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Live Entertainment Licensing Program in Carpinteria remains “a work in progress”

Carpinteria contemplates live music regulations included in annual entertainment licensing program

CARPINTERIA, Calif. – The city of Carpinteria set up a tent full of chairs and a big screen monitor and a microphone in the anticipation of an overflow crowd.

People turned out in force to comment on Carpinteria's Live Entertainment Licensing Program.

Local businesses, including Island Brewing Company and Corktree Cellars, recently gathered more than 1,200 signatures on a petition to share their concerns about the over-regulation of outdoor entertainment.

But some vocal critics have complained about outdoor sound.

Stephen Marcussen, who makes a living in post production for recorded music, said that doesn't mean he wants to hear it when he and his family are in their Third Street home.

He said it was understandable when they relaxed outdoor music rules during the pandemic, but times have changed.

"Outdoor entertainment has gotten what I would call out of control in the community, and so I am a huge tennis fan, I can't event watch the tennis inside my home without hearing a live band and it is a little frustrating, " said Marcussen, "I support music, I make my living in music and have done so for 45 years, but entertainment is typically in an entertainment venue and not on a patio broadcasting through a childs' playground into a park and then well into a beach neighborhood."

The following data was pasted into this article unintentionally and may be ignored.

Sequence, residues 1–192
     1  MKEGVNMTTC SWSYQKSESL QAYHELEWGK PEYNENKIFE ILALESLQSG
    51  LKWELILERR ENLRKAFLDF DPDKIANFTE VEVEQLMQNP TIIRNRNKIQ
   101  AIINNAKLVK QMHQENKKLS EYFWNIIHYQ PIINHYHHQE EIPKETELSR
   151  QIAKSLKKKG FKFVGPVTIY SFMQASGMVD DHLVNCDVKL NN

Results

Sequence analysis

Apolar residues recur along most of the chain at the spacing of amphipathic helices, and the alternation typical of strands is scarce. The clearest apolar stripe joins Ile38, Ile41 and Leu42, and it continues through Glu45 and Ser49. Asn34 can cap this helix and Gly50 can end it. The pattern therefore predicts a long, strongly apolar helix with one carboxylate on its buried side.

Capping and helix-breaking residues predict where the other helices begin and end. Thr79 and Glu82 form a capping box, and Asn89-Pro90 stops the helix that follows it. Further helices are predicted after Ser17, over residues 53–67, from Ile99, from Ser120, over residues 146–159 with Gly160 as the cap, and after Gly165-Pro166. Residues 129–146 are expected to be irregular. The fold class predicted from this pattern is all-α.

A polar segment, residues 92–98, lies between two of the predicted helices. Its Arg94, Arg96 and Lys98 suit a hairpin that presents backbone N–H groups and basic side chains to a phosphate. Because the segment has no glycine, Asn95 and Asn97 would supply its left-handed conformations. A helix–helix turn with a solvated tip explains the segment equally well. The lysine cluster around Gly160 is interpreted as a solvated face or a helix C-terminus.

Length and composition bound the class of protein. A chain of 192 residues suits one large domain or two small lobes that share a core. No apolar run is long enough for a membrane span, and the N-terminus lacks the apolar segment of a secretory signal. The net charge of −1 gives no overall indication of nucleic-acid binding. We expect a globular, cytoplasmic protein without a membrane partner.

Drummer Mathew Glasgow plays with Skamakazie! and said he enjoys playing all around town.

"I Hope the city lets us keep continuing to have live music. It is really crucial to the city I think you know we are kind of an integral part of the city with so many people that are involved and bringing us all together is what the community should be about," said Glasgow.

A majority of the people spoke out in favor of live music.

A couple of women mentioned the film "Footloose" and worried Carpinteria would crack down on live music.

Only a handful of people shared their concerns about late night noise.

After considering all the public comments Carpinteria City Councilmembers agreed on a 9 p.m. live music curfew on weekdays and 10 p.m. curfew on weekends and holidays.

They are still contemplating volume, and weekly time limits.

Councilmember Roy Lee said the regulations are still " a work in progress."

Lee, who will soon be leaving the council to take the seat he won on the Santa Barbara County Board of Supervisors, said he wants to make it easy for businesses to remember the live entertainment rules.

The council directed city staff to come back with a Live Music Licensing Program that can be implemented when a COVID related program expires on June 30.

They are looking for a compromise that will work for current and future businesses and community members.

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Carpinteria's Live Entertainment Licensing Program

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Tracy Lehr

Tracy Lehr is a reporter and the weekend anchor for News Channel 3-12. To learn more about Tracy, click here


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